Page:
rslynch on LibraryThing More than 1 year ago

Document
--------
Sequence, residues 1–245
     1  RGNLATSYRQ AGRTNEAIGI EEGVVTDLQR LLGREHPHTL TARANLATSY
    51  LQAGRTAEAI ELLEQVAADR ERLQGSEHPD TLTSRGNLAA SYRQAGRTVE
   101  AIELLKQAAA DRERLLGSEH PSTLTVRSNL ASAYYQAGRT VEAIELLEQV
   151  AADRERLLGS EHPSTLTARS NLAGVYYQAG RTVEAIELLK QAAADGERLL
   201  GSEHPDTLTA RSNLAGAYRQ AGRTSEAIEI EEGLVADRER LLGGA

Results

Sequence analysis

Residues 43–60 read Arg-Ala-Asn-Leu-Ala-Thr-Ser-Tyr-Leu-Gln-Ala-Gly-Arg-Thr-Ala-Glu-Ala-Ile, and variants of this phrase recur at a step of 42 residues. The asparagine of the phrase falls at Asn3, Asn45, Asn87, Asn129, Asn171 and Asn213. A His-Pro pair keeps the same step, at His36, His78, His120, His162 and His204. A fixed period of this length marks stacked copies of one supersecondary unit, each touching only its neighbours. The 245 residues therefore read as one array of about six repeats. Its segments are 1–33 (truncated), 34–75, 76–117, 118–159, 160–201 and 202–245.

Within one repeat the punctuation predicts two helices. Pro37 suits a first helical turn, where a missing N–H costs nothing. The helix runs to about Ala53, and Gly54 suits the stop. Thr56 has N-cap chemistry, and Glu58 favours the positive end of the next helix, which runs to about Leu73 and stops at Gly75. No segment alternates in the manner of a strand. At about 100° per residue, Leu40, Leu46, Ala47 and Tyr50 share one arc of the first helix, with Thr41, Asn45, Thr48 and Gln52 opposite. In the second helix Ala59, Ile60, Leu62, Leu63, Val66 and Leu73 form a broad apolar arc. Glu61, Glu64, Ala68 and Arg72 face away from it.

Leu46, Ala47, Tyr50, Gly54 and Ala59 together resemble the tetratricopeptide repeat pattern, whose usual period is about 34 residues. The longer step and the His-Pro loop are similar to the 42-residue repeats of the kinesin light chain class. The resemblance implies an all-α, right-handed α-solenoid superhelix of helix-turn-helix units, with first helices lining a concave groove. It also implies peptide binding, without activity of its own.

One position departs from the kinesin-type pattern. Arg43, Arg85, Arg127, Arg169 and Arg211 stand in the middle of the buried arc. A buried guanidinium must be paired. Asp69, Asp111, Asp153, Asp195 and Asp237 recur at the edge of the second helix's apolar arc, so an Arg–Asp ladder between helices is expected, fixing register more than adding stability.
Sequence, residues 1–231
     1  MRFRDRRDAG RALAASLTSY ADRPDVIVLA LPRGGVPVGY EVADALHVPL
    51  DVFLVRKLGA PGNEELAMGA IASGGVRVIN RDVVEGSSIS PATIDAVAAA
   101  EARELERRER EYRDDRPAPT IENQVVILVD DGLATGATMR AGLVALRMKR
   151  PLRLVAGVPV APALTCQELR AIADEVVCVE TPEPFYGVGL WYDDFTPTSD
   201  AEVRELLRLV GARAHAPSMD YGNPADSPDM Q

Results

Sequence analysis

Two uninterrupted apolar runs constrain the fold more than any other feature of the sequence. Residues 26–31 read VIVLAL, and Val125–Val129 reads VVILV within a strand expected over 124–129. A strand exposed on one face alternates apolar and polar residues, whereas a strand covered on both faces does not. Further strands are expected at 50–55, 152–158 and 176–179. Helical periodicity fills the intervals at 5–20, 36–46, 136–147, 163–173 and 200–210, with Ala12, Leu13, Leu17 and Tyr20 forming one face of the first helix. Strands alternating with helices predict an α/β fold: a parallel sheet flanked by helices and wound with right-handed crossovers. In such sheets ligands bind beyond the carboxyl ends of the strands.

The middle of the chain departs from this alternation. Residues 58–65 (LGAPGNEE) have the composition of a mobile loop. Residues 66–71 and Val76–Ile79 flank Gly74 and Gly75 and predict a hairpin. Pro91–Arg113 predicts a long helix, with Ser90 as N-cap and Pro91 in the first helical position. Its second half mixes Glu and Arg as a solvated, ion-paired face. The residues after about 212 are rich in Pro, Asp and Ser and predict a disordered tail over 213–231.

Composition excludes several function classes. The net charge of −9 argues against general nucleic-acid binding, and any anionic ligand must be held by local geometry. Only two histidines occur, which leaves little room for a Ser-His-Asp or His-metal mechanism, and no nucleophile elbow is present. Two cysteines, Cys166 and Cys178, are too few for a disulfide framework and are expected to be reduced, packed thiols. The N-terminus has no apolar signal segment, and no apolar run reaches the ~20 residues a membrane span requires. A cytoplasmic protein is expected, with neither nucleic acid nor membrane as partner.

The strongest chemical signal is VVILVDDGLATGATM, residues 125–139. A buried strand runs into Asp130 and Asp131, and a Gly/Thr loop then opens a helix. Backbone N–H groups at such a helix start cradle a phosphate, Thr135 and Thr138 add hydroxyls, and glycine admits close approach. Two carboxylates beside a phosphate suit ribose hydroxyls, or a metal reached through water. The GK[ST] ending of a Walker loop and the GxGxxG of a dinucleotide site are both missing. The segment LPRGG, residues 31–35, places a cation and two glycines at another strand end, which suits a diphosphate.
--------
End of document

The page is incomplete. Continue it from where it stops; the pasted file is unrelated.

When I received this book for advanced reviewing, I was pleased to find the author was kind enough to write me a little note inside; the matching bookmark was avery nice touch as well. As a little side note, such small, intimate touches do not go unnoticed. I will also note this did not shade my opinion of the work itself. As far as the book itself, I am giving "Ashes to Water" 4 stars out of 5, but it is closer to a 4.5. The story was imaginative, insightful, hard to put down, but not perfect. I loved the beauty of the language, the way details and descriptions seemed very real, or at least very beautiful or hard-hitting. reading the author bio and seeing Ziegler's stage experience made me think that in some ways she wrote these things as a playwright would, in a way in which the words must do so much more than say a line--they must characterize, move plot along, etc., in a way that is minced in so much of regular writing. Other times, the descriptions disappointed me a bit, as I wasn't sure what was being said. I read the chapter about Marguerite and Eugene in the boat several times, trying to discern how much was coincidence, how much was planning, and whether I had just missed something that would make it less surprising. Sometimes it seemed like ideas needed a bit more fleshing out to tell me what I needed to know. Still, I found my way through and enjoyed the liveliness of her wording. I write like this much of the time, so it was good to see someone else using a similar style. As far as characterization, I really liked the characters. They were quite diverse, in appearance, jobs, mentality. I liked how different chapters had different viewpoints and knowledge bases, and these were kept separate quite carefully. I think the scene of Dade fishing near the end was nice, something he more or less deserved or would appreciate. Even when a character had bad points, they were usually endowed with good aspects too, which created rounder, better characters. The insight into pyromania, firefighting, addiction, family bonds, and mental illness seemed well-researched and fresh compared to what I have seen elsewhere. It made me wonder how much she knew before setting pen to paper and what led her to these niches of experience. Too often today is writing lazy, with authors sticking to what they know or what is popular, so these little details make Ziegler stand apart as an artisan in her characterizations. The story moved along pretty well. It didn't lag, although the clip seemed to combust near the end in an almost hurried fashion. Things started to be mentioned rather than happen, and the ends that were so tangled may have been a bit frayed before they were neatly tied up. I think the death toll was a bit high, and I would like to know a bit more about what happened to Annie and her sister and even the lake after the book ends, but I suppose that leaves more room for another volume. Perhaps reading the Lake House book sometime will help clear some of this up. All in all, the book was not perfect but its sins were forgiveable. I am glad to have read it and find its merits many.